After surgery occurs, the patient will be transferred to a postanesthesia care unit so his or her vital signs can be closely monitored to detect anesthesia- and/or surgery-related complications. Pain medication may also be administered if necessary. After patients are completely awake, they are moved into a hospital room to recover. Most individuals will be offered clear liquids the day after the surgery, then progress to a regular diet when the intestines start to function properly. Patients are recommended to sit up on the edge of the bed and walk short distances for several times a day. Moving is mandatory and pain medication may be given if necessary. Full recovery from appendectomies takes about four to six weeks, but can be prolonged to up to eight weeks if the appendix had ruptured.
Most appendicitis patients recover easily with surgical treatment, but complications can occur if treatment is delayed or if peritonitis occurs. Recovery time depends on age, condition, complications, and other circumstances, including the amount of alcohol consumption, but usually is between 10 and 28 days. For young children (around 10 years old), the recovery takes three weeks.
The real possibility of life-threatening peritonitis is the reason why acute appendicitis warrants speedy evaluation and treatment. The patient may have to undergo a medical evacuation. Appendectomies have occasionally been performed in emergency conditions (i.e., outside of a proper hospital), when a timely medical evaluation was impossible.
Typical acute appendicitis responds quickly to appendectomy and occasionally will resolve spontaneously. If appendicitis resolves spontaneously, it remains controversial whether an elective interval appendectomy should be performed to prevent a recurrent episode of appendicitis. Atypical appendicitis (associated with suppurative appendicitis) is more difficult to diagnose and is more apt to be complicated even when operated early. In either condition, prompt diagnosis and appendectomy yield the best results with full recovery in two to four weeks usually. Mortality and severe complications are unusual but do occur, especially if peritonitis persists and is untreated. Another entity known as appendicular lump is talked about quite often. It happens when appendix is not removed early during infection and omentum and intestine get adherent to it forming a palpable lump. During this period, operation is risky unless there is pus formation evident by fever and toxicity or by USG. Medical management treats the condition.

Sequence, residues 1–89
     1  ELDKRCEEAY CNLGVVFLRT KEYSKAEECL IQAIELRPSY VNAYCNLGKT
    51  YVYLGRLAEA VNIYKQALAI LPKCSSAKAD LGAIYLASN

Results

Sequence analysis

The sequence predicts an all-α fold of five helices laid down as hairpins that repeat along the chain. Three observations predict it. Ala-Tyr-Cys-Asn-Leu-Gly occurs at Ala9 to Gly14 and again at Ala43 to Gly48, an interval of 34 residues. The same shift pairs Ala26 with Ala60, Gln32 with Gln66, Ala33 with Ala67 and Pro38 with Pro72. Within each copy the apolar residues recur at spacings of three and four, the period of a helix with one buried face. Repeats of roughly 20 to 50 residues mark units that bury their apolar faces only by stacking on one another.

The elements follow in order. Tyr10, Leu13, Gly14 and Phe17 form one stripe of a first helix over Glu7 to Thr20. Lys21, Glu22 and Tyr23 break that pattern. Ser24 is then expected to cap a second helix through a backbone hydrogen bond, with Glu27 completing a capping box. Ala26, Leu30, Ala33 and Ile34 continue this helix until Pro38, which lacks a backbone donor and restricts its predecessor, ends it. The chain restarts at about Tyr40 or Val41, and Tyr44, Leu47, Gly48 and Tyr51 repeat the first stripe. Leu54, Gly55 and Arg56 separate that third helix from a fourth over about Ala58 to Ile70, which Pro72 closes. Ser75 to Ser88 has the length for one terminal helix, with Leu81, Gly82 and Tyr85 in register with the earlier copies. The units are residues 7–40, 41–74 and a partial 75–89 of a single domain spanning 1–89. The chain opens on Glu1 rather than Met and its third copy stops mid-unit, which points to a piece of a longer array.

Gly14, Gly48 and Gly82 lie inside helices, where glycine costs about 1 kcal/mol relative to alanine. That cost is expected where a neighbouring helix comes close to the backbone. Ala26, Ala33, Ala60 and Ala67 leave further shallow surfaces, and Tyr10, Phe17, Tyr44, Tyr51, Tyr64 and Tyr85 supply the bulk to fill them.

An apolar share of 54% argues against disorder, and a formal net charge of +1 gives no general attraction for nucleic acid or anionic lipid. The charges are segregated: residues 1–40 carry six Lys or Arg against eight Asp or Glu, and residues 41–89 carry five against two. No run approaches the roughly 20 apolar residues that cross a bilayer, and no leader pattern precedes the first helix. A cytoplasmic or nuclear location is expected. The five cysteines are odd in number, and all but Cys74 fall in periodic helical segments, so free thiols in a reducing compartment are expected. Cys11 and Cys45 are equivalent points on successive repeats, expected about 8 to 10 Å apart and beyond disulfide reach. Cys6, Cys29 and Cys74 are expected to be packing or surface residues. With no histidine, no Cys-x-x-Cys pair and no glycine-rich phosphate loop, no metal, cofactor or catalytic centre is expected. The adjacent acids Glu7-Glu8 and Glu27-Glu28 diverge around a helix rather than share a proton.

An unusual complication of an appendectomy is "stump appendicitis": inflammation occurs in the remnant appendiceal stump left after a prior incomplete appendectomy.
In the United States, there were nearly 293,000 hospitalizations involving appendicitis in 2010. Appendicitis is one of the most frequent diagnoses for emergency department visits resulting in hospitalization among children aged 5-17 years in the United States.
Globally, as of 2010, it resulted in about 35,000 deaths.
Society and Culture
While appendectomy is a standard surgical procedure, its cost has been found to vary considerably, particularly in the United States. A 2012 study from the University of California, San Francisco published in the Archives of Internal Medicine analyzed 2009 data from nearly 20,000 adult patients treated for appendicitis in California hospitals. Researchers examined “only uncomplicated episodes of acute appendicitis” that involved “visits for patients 18 to 59 years old with hospitalization that lasted fewer than four days with routine discharges to home.” The lowest charge for removal of an appendix was $1,529 and the highest $182,955, almost 120 times greater. The median charge was $33,611.
Another study found that the average cost for an appendicitis stay in the United States in 2010 was $7,800. Severity of the appendicitis increased the cost: for stays where the patient had a perforated (ruptured) appendix, the average cost was $12,800.
Length of Stay
Length of hospital stays for appendicitis varies on the severity of the condition. A study from the United States found that in 2010, the average appendicitis hospital stay was 1.8 days. For stays where the patient's appendix had ruptured, the average length of stay was 5.2 days.
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- Anatomy of Appendix and Appendicits | Medchrome
- Podcast on the management of appendicitis
- Appendicitis and Appendectomy author Dennis Lee, M.D. editor Jay Marks, M.D. - MedicineNet.com, Doctor Produced information plus Patient Discussions provided by MedicineNet.com
- Appendicitis - MayoClinic.com, from the Web site of the Mayo Clinic
- Appendicitis, history, diagnosis and treatment by Surgeons Net Education
- Appendicitis Research Latest research from the literature on appendicitis
- Acute and Suppurative Appendicitis from the Spring 1998 issue of The Permanente Medical Journal
- Appendicitis Update Complete information including laparoscopic appendectomy
- History of Appendicitis Vermiformis: Its diseases and treatment. By Arthur C. McCarty, M.D.
- How to Recognize the Symptoms of Appendicitis, a how-to article from wikiHow
- Appendicitis: Acute Abdomen and Surgical Gastroenterology from the Merck Manual Professional (Content last modified September 2007)
- Abdominal Emergencies, 'Surgical Abdomen'.By DR David Bednarczyk; Pediatric Surgery